Ryan Blumenthal is a third-generation retailer. He reads the tea leaves of the retail economy, retail trends, and ever-changing consumer behavior. In this feature, Ryan opines on a variety of topics including the upcoming holiday season, how retailers can adapt, and the impact of inflation on consumer behavior. Enjoy.
Q: What can retailers expect for the Holidays this year, and beyond?
A: I think it’s going to be harder. But nothing great retailers can’t work past. We’re seeing perhaps the end of the best two years retailers have seen in a very long time.Now there’s lots of reasons for that, travel was limited so there was more disposable income. People wanted to get out and shop after the lockdowns and limitations, so there was a lot of pent-up consumerism, and it seemed like everybody did well.
What we are going to see in the coming months is that the great retailers will do better; whereas those retailers who aren’t innovating, aren’t trying new things, aren’t engaging with their customers; they are definitely going to see a dip in sales. So the time to change and adapt really is now.
Q: Why don’t retailers adapt sooner?
A: Because the status quo is doing well. There’s no need to make adjustments when the economy is clicking along and everyone is doing well. We get lulled into thinking it’s always going to be that way. But the retailers that not only last, but grow, are the ones that understand how to adapt for the future, not just be reactive when the economy dips. So great retailers see the coming dips and know they have to engage more with their customers, create some new events, personalize their outreach. The bottom line is good retailers embrace change. We’ve heard for over a decade that online is going to be the death of brick and mortar.Well it hasn’t happened, but it has changed the way consumers shop. There’s actually a combination of in-store experience and online convenience. Retail is always changing, and again, the great retailers are masters at keeping the customer at the center of the retail experience.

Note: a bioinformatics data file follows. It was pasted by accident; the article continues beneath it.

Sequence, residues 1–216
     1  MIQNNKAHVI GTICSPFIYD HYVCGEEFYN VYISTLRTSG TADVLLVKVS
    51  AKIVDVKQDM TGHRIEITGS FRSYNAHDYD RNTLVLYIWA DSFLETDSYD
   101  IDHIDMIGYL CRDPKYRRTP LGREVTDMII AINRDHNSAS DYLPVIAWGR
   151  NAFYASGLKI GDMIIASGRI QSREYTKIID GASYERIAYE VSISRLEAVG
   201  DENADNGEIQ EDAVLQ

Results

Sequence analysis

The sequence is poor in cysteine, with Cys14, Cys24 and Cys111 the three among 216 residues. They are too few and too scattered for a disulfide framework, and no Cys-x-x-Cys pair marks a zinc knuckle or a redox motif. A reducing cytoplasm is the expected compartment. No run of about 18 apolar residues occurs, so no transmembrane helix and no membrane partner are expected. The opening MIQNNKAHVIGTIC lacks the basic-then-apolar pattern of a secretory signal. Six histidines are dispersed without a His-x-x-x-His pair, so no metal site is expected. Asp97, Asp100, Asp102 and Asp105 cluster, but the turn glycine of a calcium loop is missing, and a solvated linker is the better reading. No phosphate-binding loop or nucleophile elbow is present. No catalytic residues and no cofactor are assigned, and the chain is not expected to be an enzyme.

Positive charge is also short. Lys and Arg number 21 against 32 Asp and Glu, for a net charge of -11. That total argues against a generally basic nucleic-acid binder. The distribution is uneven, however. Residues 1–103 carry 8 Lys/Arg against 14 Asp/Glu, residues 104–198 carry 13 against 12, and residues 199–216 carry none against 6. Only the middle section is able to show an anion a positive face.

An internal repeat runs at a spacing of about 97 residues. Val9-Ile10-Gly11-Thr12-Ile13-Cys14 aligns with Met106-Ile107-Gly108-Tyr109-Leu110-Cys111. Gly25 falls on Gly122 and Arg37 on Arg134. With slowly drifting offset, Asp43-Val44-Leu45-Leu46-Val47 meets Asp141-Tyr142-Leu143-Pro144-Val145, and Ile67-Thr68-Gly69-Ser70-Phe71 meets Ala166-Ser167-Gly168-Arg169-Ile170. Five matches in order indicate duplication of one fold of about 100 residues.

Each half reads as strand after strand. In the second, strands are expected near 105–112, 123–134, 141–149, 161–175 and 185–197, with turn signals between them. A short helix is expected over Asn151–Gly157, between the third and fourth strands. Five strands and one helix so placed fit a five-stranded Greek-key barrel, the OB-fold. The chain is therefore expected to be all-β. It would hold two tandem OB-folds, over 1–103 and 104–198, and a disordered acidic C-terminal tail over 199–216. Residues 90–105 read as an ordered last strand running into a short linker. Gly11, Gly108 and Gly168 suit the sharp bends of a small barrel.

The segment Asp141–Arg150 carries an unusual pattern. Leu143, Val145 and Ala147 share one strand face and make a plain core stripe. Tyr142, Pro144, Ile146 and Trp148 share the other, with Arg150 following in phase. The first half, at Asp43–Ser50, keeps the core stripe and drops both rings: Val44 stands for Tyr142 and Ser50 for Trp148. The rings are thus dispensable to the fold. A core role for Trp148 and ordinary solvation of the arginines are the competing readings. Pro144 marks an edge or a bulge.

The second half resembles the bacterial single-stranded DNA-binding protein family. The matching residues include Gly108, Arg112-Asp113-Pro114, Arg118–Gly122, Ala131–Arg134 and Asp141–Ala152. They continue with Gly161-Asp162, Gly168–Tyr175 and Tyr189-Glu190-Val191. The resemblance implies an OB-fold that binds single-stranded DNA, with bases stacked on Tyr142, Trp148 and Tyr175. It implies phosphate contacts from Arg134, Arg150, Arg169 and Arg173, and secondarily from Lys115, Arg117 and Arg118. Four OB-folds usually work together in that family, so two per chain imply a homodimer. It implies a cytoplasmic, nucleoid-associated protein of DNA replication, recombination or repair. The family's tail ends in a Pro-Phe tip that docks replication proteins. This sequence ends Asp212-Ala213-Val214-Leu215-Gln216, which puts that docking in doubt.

Q: How important is the personal relationship with customers?
A: We’re social creatures. We want that interaction. But some retail experiences are not social. Going to buy paper towels is not a social experience. It’s not fun to run to the store to buy paper towels, well maybe it is for some people. Most of us just want to click a button to get our paper towels delivered to our house. But buying a beautiful piece of jewelry, or clothing, or furniture, well, we want to see it, we wan t to talk to somebody about it. Somebody who is a trusted expert. That’s fun, that’s social, that’s rewarding. Buying a new suit.Buying a new car. There are these enjoyable retail experiences that are social, and customers do want to interact with people. So stores are going anywhere because people like those experiences.
Q: When money gets tight, more people window shop. How do you convert those customers into future clients?
A: People definitely pull back their spending in a tight economy, Your job as a retailer is to not only take advantage of customer interaction opportunities, but to make sure you create more opportunities, the right kinds of opportunities. So focusing on your best clients is the most important thing you can do. They are less likely to pull away from your store, they are heavy owners and users of your product, and they have really good conversion rates. So they are not going to be the window shoppers. And secondly, collect data on those window shoppers.Get names and contact info so you can reach out to them later so that when they make that more carefully planned purchase, they think of you first.
At Clientbook, our focus is to make sure retailers can engage with more clients, more often, and on a more personal basis than ever before. We make good retailers Great.
Got a question for Ryan? Comment on this post with your thoughts.